What worries me is that the rules are literally being rewritten as you read this. Dolly back, as they say in the film industry, and three patterns become clear: What was once legal and ?fair use? of existing gear is being redefined, criminalized, and copy-protected out of existence under new laws and regulations. Your existing gear, including your HDTV and your PC, is also being directly sabotaged by software. And gear you buy in the future may not have the functionality you?ve always taken for granted.
Here?s another threesome for you: The forces responsible for this tectonic shift in consumer electronics are partly private, partly public, and partly a combination of the two. That combination is a particularly deadly one. When government colludes with business, to whom can you turn?
The sheer omnipresence of this trend has me shaken up. And not just for the reasons you?d assume. Sure, I?m like you?I love my iPod as much as the next nerd. But I?m also looking ahead to a future where the stuff I write about for a living becomes a whole lot less attractive.
If the new and brutal relandscaping of consumer electronics bugs you too, please don?t let the RIAA and MPAA lobbyists dominate the conversation with your elected officials without putting a word in. Write to your lawmakers at least once a year about issues like the broadcast flag and analog hole bills (and anything else that interests you). Keep it civil, short, and to the point. But let them know how you feel.
That goes double if some steaming legislative cowpie gets to the floor of the House or Senate. And triple if your representative actually has a vote on the committees that write the laws and participate in the preliminary votes that bring them to the House and Senate floors. It was the House Judiciary Committee that gave birth to the broadcast flag bill. And the analog hole bill was hatched in the Senate Commerce Committee.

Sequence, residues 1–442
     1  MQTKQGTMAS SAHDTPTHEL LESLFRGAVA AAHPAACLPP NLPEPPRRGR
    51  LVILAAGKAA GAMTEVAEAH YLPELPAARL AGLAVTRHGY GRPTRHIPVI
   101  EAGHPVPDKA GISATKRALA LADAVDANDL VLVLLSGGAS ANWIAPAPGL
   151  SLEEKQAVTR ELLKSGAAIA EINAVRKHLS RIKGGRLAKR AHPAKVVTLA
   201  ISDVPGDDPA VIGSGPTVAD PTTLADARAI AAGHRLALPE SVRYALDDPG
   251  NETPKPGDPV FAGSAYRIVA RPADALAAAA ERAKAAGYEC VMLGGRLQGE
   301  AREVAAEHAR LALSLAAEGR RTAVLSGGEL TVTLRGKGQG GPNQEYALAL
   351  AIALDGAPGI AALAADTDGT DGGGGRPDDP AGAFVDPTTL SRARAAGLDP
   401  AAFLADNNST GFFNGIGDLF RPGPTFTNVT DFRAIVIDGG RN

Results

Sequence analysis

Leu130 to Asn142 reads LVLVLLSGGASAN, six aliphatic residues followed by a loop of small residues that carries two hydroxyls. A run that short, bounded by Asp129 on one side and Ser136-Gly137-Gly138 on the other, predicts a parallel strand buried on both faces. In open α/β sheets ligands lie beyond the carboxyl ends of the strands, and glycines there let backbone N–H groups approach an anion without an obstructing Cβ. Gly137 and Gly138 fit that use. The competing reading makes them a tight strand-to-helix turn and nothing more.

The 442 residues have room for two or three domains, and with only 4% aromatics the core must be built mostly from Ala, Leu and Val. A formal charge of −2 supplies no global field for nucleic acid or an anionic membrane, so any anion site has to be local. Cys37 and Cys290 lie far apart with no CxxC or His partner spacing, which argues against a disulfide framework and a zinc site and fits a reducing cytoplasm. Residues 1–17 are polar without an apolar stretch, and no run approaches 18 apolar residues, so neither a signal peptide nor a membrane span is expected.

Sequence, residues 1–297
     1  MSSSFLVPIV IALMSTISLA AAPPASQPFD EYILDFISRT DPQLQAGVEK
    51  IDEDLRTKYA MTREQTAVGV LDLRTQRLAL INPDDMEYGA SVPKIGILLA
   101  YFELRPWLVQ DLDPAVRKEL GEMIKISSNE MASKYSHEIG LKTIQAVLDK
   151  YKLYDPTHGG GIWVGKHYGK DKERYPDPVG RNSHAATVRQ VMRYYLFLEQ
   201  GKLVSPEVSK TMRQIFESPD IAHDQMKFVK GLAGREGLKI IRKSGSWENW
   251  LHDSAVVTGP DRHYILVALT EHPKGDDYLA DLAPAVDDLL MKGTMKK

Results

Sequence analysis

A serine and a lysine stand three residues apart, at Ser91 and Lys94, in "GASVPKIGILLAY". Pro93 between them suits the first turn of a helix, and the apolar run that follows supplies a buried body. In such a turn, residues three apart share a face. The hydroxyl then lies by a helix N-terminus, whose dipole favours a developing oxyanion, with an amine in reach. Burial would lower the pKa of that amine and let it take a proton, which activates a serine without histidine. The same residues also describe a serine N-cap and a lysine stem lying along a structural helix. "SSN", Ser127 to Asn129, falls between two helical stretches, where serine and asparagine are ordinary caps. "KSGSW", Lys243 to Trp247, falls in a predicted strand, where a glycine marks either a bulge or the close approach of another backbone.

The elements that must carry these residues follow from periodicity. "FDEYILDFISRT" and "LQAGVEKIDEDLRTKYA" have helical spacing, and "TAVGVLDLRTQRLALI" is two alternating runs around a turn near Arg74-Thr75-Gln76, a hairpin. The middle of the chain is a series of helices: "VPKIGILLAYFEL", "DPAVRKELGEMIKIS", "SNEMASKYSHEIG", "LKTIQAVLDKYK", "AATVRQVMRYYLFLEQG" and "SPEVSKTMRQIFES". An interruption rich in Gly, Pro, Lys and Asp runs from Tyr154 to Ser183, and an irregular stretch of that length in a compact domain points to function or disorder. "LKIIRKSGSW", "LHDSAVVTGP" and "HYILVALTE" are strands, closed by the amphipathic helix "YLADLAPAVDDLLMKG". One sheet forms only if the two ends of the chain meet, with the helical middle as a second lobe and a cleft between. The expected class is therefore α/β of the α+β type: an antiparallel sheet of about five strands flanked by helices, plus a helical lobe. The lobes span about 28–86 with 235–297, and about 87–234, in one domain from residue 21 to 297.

Will your elected representatives listen? Don?t underestimate them. The Senate hearings on the analog hole bill took an interesting turn when 80-year-old Sen. Ted Stevens (R-AK) announced that his daughters had given him an iPod. Stevens and Sen. John Sununu (R-NH) then subjected the entertainment industry?s lobbyists to some pertinent questions.
To get a good fix on the issues that interest you, consult the Electronic Freedom Foundation.
This being America, you have no less than four votes on what happens to the electronic landscape. You get to vote for two senators, a congressman?and, at the retail level, with your dollars. But you will need to use your right to vote at the polls first if you want to keep your right to vote at Best Buy.
Mark Fleischmann is the audio editor of Home Theater and the author of Practical Home Theater (http://www.quietriverpress.com/).
The views expressed here are solely those of the author and do not reflect the beliefs of Digital Trends.